Tag Archives: kindle boards

Quit whining indie authors!

9 May

So some guy on KindleBoards is whining that his book isn’t selling. Loads of other authors offer advice. He’s offended. He wants to quit the writing business.

I didn’t comment on that thread, just like I don’t comment on the numerous whiny author FB posts.

My book isn’t selling. Nobody loves me. I should just quit. Wahhh!

Authors, don’t invite us to your pity parties and then reject our advice. Authors, quit whining that nobody is buying your books. If nobody is buying your books, whining isn’t helping. DO something about it. 

Here are some options:

  • 1. New cover
  • 2. Revise.
  • 3. Promote more.
  • 4. Try writing another book or a whole new genre.
  • 5. Quit whining. Quit whining. Quit whining.

My parodies aren’t selling as well as I’d like. I realize that this genre is limiting. Not every reader is a fan of crude paranormal parody. My mainstream comedy has received stellar reviews and has sold far better than the parodies.  So my next PJ Jones’ book will also be a mainstream comedy, not a parody.

Do I love writing parodies?

Hell yes!

Does it sadden me that I have to put those books on hold for a while?

Hell yes!

Am I whining about it?

Hell no!

Because whining isn’t going to sell more books.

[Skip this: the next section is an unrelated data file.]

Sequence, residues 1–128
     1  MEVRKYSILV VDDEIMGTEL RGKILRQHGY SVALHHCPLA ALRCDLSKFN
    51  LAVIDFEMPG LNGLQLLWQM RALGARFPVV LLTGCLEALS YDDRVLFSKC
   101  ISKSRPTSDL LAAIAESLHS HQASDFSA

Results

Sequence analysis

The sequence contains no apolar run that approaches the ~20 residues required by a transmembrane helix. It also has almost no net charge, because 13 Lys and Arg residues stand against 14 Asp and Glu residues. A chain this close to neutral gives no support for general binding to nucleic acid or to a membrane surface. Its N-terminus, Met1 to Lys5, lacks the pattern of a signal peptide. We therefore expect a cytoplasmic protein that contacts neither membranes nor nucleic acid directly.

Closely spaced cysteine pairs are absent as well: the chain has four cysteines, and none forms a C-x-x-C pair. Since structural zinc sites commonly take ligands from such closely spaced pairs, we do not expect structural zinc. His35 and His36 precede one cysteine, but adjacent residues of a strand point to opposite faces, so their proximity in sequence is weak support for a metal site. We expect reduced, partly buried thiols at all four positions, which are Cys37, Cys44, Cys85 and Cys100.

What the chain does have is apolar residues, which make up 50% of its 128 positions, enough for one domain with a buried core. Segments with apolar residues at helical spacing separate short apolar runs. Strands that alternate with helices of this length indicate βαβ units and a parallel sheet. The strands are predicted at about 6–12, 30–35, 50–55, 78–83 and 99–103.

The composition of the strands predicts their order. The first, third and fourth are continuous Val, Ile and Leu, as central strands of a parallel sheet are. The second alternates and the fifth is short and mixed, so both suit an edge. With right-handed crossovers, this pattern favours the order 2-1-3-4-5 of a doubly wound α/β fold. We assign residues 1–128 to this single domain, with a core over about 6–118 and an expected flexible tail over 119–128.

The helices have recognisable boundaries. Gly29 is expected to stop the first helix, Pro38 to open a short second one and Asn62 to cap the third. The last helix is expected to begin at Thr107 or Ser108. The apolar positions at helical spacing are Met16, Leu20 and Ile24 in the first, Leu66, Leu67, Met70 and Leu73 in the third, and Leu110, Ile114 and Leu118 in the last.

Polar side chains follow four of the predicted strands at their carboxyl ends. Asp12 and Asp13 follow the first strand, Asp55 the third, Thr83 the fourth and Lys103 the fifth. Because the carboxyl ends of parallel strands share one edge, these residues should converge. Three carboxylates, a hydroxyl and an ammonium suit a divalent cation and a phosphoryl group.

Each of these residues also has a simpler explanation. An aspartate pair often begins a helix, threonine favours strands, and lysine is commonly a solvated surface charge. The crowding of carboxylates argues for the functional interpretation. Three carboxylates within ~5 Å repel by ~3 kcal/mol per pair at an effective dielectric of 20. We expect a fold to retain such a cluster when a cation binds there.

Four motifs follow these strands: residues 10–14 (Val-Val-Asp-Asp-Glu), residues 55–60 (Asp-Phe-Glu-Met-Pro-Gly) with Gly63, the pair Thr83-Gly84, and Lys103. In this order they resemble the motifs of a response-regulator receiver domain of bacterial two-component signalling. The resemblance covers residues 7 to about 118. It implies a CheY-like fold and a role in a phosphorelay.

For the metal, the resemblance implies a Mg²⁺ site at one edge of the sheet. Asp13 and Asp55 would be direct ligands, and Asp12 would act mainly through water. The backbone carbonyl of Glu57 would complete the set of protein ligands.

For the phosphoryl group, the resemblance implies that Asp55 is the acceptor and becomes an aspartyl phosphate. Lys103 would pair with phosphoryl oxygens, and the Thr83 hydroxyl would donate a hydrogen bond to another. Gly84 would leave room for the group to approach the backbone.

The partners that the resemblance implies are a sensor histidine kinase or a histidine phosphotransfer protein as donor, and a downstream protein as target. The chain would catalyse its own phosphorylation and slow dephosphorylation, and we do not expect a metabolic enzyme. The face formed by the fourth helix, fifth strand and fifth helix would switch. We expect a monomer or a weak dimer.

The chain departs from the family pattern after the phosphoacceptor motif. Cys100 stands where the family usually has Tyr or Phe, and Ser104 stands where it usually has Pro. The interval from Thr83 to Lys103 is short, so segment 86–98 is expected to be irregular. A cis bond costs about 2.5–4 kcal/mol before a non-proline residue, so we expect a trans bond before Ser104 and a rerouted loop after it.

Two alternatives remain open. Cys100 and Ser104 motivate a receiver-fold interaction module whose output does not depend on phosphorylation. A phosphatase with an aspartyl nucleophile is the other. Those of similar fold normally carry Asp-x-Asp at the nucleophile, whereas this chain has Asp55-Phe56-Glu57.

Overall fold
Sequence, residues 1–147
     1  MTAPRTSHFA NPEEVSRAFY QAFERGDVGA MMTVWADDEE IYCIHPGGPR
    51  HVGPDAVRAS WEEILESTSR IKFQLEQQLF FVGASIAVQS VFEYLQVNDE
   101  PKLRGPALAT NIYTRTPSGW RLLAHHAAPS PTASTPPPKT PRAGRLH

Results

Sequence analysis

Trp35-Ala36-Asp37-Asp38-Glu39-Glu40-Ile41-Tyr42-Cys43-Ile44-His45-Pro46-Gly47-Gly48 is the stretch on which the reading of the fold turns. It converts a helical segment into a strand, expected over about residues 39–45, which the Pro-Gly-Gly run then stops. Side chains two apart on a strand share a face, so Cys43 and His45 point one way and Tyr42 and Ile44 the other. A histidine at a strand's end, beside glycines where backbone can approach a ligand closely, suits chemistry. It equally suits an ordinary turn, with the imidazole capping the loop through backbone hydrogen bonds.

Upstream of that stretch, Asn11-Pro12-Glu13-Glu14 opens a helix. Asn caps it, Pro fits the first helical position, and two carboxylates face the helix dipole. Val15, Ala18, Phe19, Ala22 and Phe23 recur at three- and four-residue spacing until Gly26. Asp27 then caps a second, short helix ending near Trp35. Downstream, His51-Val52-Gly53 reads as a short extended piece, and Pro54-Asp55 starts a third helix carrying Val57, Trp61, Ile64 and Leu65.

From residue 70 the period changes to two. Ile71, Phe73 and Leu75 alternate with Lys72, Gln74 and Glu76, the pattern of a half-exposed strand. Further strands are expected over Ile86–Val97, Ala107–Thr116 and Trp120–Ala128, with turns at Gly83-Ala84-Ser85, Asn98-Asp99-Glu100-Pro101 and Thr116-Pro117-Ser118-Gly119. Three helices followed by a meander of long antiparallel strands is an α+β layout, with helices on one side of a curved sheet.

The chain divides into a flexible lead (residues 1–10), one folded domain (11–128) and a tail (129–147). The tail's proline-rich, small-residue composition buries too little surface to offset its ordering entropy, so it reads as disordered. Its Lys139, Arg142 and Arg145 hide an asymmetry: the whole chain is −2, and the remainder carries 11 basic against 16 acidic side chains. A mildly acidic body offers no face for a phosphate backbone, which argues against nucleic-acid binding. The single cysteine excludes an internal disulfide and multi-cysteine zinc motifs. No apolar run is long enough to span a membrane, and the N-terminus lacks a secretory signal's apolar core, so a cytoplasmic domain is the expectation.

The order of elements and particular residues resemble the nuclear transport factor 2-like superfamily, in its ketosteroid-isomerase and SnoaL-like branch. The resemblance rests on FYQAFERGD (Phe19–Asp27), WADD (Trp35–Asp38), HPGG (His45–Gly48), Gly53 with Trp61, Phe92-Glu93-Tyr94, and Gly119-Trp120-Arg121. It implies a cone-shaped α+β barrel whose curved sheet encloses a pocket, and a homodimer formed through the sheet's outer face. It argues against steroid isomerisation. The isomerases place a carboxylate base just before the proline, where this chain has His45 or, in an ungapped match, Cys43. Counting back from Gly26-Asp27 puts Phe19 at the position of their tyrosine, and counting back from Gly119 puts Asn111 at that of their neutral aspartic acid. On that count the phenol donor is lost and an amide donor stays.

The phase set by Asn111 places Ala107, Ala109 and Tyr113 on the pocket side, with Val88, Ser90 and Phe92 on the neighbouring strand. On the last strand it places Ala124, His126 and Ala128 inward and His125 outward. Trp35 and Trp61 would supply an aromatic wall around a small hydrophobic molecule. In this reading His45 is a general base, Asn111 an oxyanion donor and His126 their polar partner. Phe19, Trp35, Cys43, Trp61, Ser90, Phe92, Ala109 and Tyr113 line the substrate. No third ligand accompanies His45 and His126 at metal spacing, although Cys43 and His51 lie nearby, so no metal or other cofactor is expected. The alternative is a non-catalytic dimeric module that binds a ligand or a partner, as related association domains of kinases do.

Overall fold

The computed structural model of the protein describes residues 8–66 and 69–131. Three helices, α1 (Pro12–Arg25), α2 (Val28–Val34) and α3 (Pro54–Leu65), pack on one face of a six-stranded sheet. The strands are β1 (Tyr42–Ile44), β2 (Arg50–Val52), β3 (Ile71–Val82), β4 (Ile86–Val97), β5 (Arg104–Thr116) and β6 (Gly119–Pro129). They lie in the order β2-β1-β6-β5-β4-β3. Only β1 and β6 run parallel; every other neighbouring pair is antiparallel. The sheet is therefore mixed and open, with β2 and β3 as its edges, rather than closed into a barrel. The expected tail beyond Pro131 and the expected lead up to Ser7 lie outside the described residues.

I pubbed YA under another name with a publisher about five years ago. Those books didn’t sell well, but they are selling well now that I’ve gotten my rights back and put them on Kindle, Nook and itunes. I’ve realized that right now YA is HOT.

So yet another reason to put parodies on hold while I focus on releasing more YAs.

In today’s market, when the publishing industry has been completely rewritten by Kindle and other epubs, publishing houses are forced to adapt. This is the perfect market for indie authors. At least, those indie authors who are savvy enough to quit bitching and write for the market. Just like the publishing houses, we have to adapt, too. We have to learn new ways to sell our books. Try new things. But most of all, we have to quit whining!

And if you, the indie author, can’t market, can’t revise, can’t adapt, can’t accept feedback, then maybe this isn’t the business for you.

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